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Rev Mal Respir. 2006 Dec;23(6):726-40.

[Epidemiology and etiologic agents of occupational asthma].

[Article in French]

Author information

  • 1Unité de Pathologie Professionnelle, de santé au travail et d'insertion, Hôpital Raymond Poincaré, AP-HP, France.



Occupational asthma is, by definition, a disease that can be prevented through appropriate protective strategies. Epidemiological information is required to guide these interventions, and we here examine epidemiological data on the burden, causes, and risk factors for this condition.


Population-based surveys indicate that approximately 15% of adult asthma is attributable to the workplace environment. The most common occupational agents implicated include flour, isocyanates, latex, and persulphate salts. The occupations in which occupational asthma has been most commonly reported are bakers, spray painters, health-care workers, hairdressers, and cleaners. The level of exposure to sensitizing agents seems to be the most relevant risk factor. Atopy is a significant risk factor only for the development of sensitization to high molecular weight agents. The role of other individual determinants, such as genetic factors, has been less consistently established. Occupational asthma is associated with a substantial adverse impact on the employment and financial status of affected workers.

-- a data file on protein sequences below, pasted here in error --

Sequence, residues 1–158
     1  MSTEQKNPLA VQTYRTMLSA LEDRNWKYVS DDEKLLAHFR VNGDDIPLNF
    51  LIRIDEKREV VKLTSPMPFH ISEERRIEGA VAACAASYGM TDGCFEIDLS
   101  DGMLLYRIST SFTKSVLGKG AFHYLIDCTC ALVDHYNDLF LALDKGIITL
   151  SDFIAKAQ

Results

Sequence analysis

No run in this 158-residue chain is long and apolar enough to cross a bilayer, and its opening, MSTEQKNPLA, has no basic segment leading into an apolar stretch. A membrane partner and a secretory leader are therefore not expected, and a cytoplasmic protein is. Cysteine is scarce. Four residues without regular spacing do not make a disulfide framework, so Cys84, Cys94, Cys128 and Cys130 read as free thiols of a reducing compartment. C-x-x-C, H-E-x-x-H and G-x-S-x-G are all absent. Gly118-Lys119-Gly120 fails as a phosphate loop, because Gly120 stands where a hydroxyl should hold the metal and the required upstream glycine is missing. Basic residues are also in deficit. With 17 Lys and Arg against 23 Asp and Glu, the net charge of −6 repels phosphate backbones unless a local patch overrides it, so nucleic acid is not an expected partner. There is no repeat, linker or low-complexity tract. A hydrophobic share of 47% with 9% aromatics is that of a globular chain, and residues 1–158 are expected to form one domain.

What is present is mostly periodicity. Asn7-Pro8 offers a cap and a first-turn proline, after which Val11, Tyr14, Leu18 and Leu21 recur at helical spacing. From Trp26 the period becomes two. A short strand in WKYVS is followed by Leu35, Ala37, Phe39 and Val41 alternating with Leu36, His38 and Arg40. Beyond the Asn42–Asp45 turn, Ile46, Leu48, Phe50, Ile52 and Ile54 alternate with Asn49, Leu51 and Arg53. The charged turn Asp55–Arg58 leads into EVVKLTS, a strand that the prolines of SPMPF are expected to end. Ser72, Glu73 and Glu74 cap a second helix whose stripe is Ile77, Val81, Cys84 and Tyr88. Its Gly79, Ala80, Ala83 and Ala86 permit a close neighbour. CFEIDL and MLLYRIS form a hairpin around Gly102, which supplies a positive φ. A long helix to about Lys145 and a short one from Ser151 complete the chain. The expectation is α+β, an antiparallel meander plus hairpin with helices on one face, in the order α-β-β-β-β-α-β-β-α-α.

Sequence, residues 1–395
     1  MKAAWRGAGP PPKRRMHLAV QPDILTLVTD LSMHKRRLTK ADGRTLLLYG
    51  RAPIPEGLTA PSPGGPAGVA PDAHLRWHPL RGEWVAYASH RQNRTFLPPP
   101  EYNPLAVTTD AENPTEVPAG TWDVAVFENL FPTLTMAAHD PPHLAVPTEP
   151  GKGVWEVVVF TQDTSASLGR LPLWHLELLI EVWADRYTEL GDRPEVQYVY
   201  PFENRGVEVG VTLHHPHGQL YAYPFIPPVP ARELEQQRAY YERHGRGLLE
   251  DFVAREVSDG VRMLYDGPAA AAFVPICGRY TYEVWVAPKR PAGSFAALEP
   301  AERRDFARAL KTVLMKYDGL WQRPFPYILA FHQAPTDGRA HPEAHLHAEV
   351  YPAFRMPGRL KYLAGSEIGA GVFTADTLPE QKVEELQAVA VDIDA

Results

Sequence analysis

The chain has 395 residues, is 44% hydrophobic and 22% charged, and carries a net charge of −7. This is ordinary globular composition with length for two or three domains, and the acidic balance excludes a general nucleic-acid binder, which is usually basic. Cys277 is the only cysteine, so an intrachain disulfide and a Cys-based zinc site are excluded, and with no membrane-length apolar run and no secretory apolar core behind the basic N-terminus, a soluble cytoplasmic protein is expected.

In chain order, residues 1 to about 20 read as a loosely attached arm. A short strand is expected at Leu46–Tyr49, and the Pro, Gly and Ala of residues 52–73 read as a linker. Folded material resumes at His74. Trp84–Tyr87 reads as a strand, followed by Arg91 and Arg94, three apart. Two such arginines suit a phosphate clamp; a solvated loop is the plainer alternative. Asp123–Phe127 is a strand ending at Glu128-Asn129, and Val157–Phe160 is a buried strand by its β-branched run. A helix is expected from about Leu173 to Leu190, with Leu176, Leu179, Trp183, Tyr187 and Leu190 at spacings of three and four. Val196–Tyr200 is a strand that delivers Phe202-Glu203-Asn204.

Methodological improvements are required in order to distinguish more accurately between occupational and work-exacerbated asthma. Further investigations of the effectiveness of primary and secondary preventive interventions are also needed.

[PubMed - indexed for MEDLINE]
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